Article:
Last week the pibroch team of Bill Taylor (harps, lyre) and Clare Salaman (hurdy-gurdy, medieval fiddle, nyckelharpa) were recording with Barnaby in Huddersfield, and next week the fiddle band will be recording in the wonderful acoustic of Crichton Collegiate Church in Midlothian. But first there’s the little business of a gig to play.
On 6 June, with the help of Talitha MacKenzie, Alyona Shmakova, and some folks from the Traditional Music Forum of Scotland, we were able to try out some of the late 18th–century fiddle repertoire with its original dance figures, which was enormous fun.
And this Friday, we’ll do the same with the whole band and the audience at the Cottier Chamber Project. Our team of players is pretty formidable, some of them getting to grips with 18th-century setup instruments for the first time, and others with decades of experience of playing them.
pipes, recorder: Callum Armstrong
fiddles: Mairi Campbell, Aaron McGregor, Lauren MacColl, Shona Mooney, Marie Fielding, Alison McGillivray (bass fiddle)
fortepiano: David McGuinness
I won’t be playing piano for the dancing (I might get on the floor and join in instead), but in between the dances we’ll be playing domestic repertoire from the same time, some of which was published as souvenirs of major dancing events, so that you could play the tunes at home with the piano that you’d already danced to at the Assembly Rooms. So, a busy couple of weeks ahead …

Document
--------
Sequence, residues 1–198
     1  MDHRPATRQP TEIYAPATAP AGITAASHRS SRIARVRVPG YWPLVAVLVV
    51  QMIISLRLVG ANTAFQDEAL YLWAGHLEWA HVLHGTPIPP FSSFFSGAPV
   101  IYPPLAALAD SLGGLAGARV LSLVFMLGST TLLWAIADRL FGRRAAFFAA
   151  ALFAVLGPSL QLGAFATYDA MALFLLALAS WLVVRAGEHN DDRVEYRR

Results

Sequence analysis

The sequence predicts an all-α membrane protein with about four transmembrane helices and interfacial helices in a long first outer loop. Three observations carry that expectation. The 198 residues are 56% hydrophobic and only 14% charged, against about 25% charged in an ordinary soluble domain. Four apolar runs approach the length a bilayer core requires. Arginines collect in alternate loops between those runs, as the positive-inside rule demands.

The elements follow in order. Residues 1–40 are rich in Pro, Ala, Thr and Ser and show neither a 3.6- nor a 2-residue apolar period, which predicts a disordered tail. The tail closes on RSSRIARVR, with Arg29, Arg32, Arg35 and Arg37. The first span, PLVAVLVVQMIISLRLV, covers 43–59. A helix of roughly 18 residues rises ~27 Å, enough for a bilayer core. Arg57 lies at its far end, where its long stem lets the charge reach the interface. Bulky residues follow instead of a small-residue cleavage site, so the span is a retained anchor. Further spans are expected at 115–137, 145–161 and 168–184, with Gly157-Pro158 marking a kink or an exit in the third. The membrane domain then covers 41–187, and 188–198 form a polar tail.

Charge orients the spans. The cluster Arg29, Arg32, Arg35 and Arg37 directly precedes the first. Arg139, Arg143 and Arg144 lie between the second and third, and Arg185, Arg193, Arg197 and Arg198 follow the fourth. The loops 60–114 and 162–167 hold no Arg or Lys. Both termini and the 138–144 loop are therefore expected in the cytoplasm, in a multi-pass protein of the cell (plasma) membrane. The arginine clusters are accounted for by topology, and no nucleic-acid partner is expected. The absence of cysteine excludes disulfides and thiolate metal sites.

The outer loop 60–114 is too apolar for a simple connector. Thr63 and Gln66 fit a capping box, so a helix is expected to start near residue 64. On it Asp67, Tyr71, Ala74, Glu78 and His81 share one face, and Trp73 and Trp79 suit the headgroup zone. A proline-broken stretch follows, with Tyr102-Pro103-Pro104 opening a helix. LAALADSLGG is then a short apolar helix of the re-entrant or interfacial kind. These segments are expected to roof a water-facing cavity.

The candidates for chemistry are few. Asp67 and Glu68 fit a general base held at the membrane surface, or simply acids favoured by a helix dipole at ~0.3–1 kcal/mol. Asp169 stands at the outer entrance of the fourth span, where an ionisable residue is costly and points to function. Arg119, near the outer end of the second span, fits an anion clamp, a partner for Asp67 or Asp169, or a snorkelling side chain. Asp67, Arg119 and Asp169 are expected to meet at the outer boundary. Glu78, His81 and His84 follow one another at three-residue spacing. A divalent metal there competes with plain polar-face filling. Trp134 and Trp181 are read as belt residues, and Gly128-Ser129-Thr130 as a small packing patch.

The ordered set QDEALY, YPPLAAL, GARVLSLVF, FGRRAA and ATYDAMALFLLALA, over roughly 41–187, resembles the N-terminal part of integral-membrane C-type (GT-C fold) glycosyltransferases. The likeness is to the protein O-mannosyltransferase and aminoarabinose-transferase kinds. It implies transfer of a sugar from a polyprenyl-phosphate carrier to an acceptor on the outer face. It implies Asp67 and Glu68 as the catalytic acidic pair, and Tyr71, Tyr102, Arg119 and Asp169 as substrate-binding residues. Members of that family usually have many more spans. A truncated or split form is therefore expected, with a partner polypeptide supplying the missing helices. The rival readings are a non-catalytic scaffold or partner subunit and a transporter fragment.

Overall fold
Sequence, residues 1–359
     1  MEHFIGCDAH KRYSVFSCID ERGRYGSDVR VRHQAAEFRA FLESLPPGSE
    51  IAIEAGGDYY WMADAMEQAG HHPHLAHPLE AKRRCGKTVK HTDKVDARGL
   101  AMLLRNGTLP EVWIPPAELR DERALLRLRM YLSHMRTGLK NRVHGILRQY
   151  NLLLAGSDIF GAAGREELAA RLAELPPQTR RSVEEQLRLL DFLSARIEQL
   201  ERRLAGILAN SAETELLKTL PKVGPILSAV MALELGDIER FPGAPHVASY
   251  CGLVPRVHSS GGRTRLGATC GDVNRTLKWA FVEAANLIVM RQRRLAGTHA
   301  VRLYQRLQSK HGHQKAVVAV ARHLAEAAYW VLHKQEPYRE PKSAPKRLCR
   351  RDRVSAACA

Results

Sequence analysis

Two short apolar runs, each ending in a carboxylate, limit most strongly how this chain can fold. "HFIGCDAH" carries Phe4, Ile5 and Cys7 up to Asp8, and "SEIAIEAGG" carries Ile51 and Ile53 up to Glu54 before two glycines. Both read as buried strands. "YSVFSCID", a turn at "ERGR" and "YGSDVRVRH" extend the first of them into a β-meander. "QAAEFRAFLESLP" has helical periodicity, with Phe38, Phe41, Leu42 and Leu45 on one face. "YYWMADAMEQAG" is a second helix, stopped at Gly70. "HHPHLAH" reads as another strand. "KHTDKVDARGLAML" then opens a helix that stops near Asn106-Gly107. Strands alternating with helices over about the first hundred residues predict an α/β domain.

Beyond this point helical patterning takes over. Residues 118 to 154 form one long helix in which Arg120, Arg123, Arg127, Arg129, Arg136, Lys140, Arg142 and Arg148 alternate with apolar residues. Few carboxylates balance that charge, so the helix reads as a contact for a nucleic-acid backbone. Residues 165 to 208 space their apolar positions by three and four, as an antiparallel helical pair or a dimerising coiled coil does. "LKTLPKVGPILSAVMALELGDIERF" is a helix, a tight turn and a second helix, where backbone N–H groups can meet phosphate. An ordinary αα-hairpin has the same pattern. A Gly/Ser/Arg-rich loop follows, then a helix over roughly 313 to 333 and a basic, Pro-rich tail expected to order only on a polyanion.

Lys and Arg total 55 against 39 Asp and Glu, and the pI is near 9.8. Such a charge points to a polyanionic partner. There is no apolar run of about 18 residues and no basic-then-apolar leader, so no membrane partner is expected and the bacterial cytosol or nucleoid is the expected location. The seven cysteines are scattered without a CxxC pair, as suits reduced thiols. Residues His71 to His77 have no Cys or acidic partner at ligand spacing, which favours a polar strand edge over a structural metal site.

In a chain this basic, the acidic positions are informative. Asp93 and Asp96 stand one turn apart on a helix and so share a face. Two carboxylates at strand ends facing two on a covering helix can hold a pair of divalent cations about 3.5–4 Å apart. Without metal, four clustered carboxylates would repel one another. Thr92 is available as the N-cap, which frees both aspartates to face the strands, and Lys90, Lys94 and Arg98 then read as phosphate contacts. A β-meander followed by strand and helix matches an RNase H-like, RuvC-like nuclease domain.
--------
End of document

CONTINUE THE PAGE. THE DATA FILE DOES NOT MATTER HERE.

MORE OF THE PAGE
Finally, after years of preparation (yes, years) ‘bass culture’ is launched and under way. Barnaby is ensconced in Cambridge, Karen has two days a week away from her job at the Conservatoire, we have two very distinguished professors keeping a kindly and perceptive eye on the proceedings, and we have a budget – let the discoveries begin …
Karen and I have already been poring over 18th- and 19th-century fiddle books to get a rough overview of the kinds of material that we’re going to be dealing with. Last week up on floor 12 in Glasgow University Library, the nice folks at Special Collections gave us a room to ourselves with some key sources. It was the first time I’d looked through Alexander McGlashan’s fiddle books, and I was struck by the pure, uncompromisingly basic but brazenly confident style of the lines for bass fiddle. ‘King’ McGlashan’s band can’t have mucked about when they were playing the Edinburgh Assembly Rooms in the 1770s and Nathaniel Gow was serving his musical apprenticeship. Nathaniel’s own Select Collection (c.1815) includes, amongst many other things, a jig by Corelli, which he included because it was his father Niel’s favourite.
The Duke of Buccleuch has kindly lent the University a selection of music manuscripts from the Montagu Music Collection, and on a brief look through one of those, I came across a variant bassline for Miss Grace Stewart’s Minuet by Robert Mackintosh. It looks like it may be a later, slightly more elegant version than the one published in his Airs Minuets Gavotts and Reels of 1783. The original was fresh in my mind as in the past week we’ve finally mastered Concerto Caledonia’s Mackintosh album for release in the spring.